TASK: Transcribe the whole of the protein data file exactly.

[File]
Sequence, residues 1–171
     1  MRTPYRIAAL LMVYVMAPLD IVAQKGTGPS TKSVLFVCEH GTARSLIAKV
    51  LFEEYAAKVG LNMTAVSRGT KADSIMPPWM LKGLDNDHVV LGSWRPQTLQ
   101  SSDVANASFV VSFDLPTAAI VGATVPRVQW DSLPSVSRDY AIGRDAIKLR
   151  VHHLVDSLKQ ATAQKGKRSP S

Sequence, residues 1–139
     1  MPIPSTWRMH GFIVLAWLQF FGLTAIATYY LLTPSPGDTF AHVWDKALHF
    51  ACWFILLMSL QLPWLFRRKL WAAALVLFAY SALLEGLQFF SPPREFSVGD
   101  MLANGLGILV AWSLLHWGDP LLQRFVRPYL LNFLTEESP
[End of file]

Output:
Sequence, residues 1–171
     1  MRTPYRIAAL LMVYVMAPLD IVAQKGTGPS TKSVLFVCEH GTARSLIAKV
    51  LFEEYAAKVG LNMTAVSRGT KADSIMPPWM LKGLDNDHVV LGSWRPQTLQ
   101  SSDVANASFV VSFDLPTAAI VGATVPRVQW DSLPSVSRDY AIGRDAIKLR
   151  VHHLVDSLKQ ATAQKGKRSP S

Sequence, residues 1–139
     1  MPIPSTWRMH GFIVLAWLQF FGLTAIATYY LLTPSPGDTF AHVWDKALHF
    51  ACWFILLMSL QLPWLFRRKL WAAALVLFAY SALLEGLQFF SPPREFSVGD
   101  MLANGLGILV AWSLLHWGDP LLQRFVRPYL LNFLTEESP